Seed scheme could triple angel investing for NI start-ups – Halo

5 Apr 2012

Share on FacebookTweet about this on TwitterShare on LinkedInShare on Google+Pin on PinterestShare on RedditEmail this to someone

(From left): Alan Watts, director, Halo Northern Ireland; Fergal McCann, chairman, Chartered Accountants Ulster Society; Nelson Gray, former European business angel of the year; and Des Ryan, technical adviser, Venture Capital Schemes, HMRC London

Share on FacebookTweet about this on TwitterShare on LinkedInShare on Google+Pin on PinterestShare on RedditEmail this to someone

Northern Ireland’s new Seed Enterprise Investment Scheme (EIS) could potentially more than triple business angel investment levels in start-ups in the region, particularly in the knowledge space, according to Halo Northern Ireland.

The scheme, which comes into force in Northern Ireland this month, will offer individual investors 50pc up-front tax relief as well as the ability to roll capital gains into the Seed EIS for the first year.

Alan Watts, director, Halo NI, himself a former entrepreneur and business angel, told delegates at a business briefing this morning in the North that the new Seed EIS offers tax incentives which could potentially reach stg£18m per year in investments for local start-ups.

Watts spoke about how the scheme will be particularly suited to knowledge-economy companies who typically need less capital investment compared to conventional start-ups.

"Given the increasing focus on this sector in Northern Ireland, local tech start-ups can expect to see increasing interest from angel investors in the months ahead as the details of the scheme become better known," he said.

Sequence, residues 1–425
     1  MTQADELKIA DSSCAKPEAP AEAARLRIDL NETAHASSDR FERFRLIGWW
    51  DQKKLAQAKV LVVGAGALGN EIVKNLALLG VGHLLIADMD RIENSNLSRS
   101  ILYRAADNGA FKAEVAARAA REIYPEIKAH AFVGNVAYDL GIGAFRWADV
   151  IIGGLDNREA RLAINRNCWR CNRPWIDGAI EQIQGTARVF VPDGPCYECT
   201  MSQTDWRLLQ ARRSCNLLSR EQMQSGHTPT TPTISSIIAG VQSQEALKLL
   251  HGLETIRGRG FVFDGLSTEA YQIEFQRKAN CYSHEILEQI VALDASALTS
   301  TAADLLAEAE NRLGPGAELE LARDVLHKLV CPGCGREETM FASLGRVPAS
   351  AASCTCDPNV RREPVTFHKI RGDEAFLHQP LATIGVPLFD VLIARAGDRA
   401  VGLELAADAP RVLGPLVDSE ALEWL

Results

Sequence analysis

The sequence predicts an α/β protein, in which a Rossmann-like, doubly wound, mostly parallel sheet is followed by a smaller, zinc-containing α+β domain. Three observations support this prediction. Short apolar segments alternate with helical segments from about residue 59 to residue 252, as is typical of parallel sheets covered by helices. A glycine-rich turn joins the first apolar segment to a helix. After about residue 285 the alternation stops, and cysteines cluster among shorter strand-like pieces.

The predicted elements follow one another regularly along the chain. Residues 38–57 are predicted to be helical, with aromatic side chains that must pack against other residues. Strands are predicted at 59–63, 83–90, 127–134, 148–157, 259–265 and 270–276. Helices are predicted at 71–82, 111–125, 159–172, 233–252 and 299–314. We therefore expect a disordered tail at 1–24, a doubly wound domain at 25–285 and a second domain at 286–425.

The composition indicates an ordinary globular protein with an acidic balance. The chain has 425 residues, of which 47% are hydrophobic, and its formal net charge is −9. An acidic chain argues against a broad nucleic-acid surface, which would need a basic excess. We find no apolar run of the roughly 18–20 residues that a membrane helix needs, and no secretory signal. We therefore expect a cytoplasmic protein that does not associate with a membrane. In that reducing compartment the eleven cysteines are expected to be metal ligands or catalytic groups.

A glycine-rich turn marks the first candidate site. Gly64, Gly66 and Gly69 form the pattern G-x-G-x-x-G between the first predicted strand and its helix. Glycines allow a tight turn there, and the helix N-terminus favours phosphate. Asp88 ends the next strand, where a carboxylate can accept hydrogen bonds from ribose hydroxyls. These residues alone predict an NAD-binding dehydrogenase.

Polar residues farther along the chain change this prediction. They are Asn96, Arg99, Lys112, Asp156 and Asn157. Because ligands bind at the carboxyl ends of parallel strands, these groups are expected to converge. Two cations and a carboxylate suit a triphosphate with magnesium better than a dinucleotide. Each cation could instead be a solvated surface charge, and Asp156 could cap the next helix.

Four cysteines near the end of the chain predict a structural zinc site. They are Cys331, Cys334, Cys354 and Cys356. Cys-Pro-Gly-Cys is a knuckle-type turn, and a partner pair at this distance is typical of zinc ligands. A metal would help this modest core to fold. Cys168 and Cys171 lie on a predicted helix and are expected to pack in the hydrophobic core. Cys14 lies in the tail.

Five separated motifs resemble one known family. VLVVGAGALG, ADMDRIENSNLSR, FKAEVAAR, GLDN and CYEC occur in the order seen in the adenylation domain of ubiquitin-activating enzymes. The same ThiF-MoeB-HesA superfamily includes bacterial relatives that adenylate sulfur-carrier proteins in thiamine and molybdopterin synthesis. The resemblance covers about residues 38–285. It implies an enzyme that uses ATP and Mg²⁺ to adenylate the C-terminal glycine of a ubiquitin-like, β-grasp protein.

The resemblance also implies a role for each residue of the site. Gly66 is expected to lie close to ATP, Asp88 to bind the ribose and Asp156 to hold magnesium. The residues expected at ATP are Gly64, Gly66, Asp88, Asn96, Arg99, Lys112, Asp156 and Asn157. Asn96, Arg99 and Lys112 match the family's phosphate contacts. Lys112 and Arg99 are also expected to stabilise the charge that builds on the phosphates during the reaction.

Start-ups in the knowledge space

Des Ryan, technical adviser at Venture Capital Schemes, HMRC London, and Nelson Gray, former European business angel of the year, also spoke at this morning’s event.

Gray gave an example of how, in the past, you could measure innovative exporting companies by the number of pallets being loaded onto lorries, and the difference between then and now.

"Today’s knowledge economy companies work very differently and their products more often leave on fibre-optic cables. Instead of having to buy expensive capital equipment, they work on a ‘pay as you go’ basically paying for only as much as they need from online and cloud-based services," he said.  

He said this type of process gives these companies the ability to achieve far more with less initial capital, which ties in well with the Seed EIS.

Fergal McCann, chairman, Chartered Accountants Ulster Branch, said its members will be expected to assist their clients both with the mechanics of the Seed EIS and with explaining angel investing in order to increase such investments in local start-ups.

66

DAYS

4

HOURS

26

MINUTES

Buy your tickets now!

Carmel was a long-time reporter with Siliconrepublic.com

editorial@siliconrepublic.com